How do you see what happened during your time in NYC nightlife influencing nightlife today? How has nightlife changed?
I think the Club Kids were precursors to today’s reality stars. By being “famous for nothing” we became famous for something, and that’s certainly a very modern concept.
I think we had a part in helping Warhol’s famous dictum “In the future everyone will be famous for 15 minutes” come to pass. I think we laid the groundwork, and then with the limitless self-promotional possibilities of today’s technology, it absolutely is a thing now. Vine stars, Instagram stars -– they all owe us royalties [laughs]. And nightlife has changed enormously, of course. But then, so have I. I’ve grown (I hope), and what I want out of my nightlife experience has changed. I’m a casual visitor now, so it’s always fun and it’s always surprising.
In reference to the queer community, Kenny Kenny said in this feature: "We are the shamans of society. We’re here to show them you don’t have to go by the conditioned way of living. We’re here to show them you can live your life in a very authentic way. That’s what I think gay people are here for. And of course, to enjoy sex as well. Why not?" -- In this age of gay marriage, do you see the role of queer people as being "shamans" in society in this same way? How can those involved in nightlife act as a preservation of the more radical, creative and transgressive components of the queer community?
Well, there will always be radical, creative and trangressive kids who want to shake up the establishment. And young people will always buck against the generation that came before them. So I don’t think we have to worry TOO much. I’m a bit of an optimist in that respect.
Yes, we homos seem to be normalizing a bit, and folding into polite society, and it’s all a bit of a bore. But mostly that’s the old folks who have fought long and hard their whole lives to be accepted and just want to enjoy the fruits of their labor now. But you can’t tell me that teenagers are really buying into the whole bourgeois fantasy that "Modern Family" is selling. And trust me, no 17-year-old is excited about “normcore” fashion. I refuse to believe it.
I think part of being gay is having that "spidey sense" for what’s new and what’s different. I think we will always push boundaries -- maybe now it’s just from within the establishment. And that’s a good thing.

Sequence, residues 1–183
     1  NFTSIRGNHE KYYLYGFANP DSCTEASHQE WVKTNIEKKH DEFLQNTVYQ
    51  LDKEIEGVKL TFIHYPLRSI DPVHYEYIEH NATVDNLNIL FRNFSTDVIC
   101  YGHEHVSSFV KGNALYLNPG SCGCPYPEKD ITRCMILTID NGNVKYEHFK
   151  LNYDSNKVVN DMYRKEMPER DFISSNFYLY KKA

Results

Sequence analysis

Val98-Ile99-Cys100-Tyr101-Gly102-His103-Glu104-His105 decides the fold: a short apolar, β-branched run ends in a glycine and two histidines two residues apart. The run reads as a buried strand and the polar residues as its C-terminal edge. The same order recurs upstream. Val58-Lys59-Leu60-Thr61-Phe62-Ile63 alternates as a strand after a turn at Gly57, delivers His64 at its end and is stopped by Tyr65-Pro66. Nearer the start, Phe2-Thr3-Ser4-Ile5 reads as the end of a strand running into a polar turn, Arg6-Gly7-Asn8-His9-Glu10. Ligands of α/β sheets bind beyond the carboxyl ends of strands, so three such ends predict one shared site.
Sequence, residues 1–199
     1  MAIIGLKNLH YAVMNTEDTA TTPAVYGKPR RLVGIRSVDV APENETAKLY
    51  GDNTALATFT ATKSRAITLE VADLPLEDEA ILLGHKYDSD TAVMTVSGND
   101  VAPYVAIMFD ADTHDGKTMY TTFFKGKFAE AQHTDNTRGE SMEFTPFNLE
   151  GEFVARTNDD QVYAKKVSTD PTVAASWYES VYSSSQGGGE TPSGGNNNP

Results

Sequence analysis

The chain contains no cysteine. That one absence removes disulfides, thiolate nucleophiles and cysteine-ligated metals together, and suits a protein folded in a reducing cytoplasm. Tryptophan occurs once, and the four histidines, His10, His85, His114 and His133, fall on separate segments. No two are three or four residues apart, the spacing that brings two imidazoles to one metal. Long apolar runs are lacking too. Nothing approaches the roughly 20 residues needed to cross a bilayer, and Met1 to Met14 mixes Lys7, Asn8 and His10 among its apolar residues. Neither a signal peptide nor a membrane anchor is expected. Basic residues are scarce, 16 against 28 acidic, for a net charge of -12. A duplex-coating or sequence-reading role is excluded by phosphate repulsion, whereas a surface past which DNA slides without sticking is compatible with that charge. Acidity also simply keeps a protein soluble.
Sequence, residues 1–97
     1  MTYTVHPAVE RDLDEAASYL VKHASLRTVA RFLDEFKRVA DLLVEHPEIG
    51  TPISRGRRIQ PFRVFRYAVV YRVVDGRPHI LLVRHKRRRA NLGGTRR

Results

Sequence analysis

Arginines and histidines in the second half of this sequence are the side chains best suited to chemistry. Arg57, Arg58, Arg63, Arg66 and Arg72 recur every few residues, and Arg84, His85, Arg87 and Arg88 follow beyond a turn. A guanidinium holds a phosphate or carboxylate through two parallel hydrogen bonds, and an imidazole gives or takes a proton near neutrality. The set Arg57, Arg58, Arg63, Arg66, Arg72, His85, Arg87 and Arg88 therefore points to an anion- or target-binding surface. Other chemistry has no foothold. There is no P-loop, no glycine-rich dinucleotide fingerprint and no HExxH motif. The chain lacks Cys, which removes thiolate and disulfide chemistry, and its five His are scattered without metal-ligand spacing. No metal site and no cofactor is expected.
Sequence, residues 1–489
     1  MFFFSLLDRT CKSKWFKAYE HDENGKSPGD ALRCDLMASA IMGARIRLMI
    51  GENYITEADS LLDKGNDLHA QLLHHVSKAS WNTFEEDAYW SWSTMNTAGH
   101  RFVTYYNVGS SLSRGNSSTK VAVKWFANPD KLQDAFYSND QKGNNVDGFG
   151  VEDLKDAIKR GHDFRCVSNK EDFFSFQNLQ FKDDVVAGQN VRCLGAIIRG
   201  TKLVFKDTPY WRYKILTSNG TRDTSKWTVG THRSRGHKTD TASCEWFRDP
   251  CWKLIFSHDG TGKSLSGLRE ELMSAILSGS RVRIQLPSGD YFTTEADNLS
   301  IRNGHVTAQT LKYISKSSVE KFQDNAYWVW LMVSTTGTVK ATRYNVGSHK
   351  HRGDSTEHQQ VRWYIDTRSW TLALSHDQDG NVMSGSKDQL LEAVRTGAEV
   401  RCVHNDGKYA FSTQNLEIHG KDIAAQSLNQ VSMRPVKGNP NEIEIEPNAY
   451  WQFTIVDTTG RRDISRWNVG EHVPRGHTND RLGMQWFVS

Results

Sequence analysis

What projects are you currently working on?
Well, I blog for the WOW Report, so you can always find me there. And I have my YouTube series “Transformations” on WOWpresents. Every week I have a different drag queen, makeup artist, performance artist, or club freak give me an extreme makeover. It’s my way of playing dress-up with my club friends without really having to go out. Because I’M OLD [laughs].
I’m also currently working on a book about my Transformation experiences called “Welcome to My Face” –- sort of a guide to life, illustrated with the images from the show.
If there was something you wished to communicate about the evolution of queer history through nightlife in New York to the new generation, what do you think is the most important thing to ensure is not forgotten?
Know your history. Know your icons. Yes, the "Drag Race" girls are all majorly important, but learn about the trailblazers who paved the way for them (and you). The Holly Woodlawns, the Jayne Countys, the Teri Toyes. Give them the homage they deserve. And know that no matter how creative you think you’re being, somebody else usually did it first. And that somebody was usually Leigh Bowery or Rudi Gernreich [laughs].
But whether it was the Club Kids, the New Romantics, the Mudd Club kids, the punks, the Factory crowd, the Dadaists, the Surrealists, the Bright Young Things, or the Macaronis, know that you are standing on the shoulders of giants.
And once you know your history, you can go out and create your own.
Missed the previous installments in this series? Check out the slideshow below.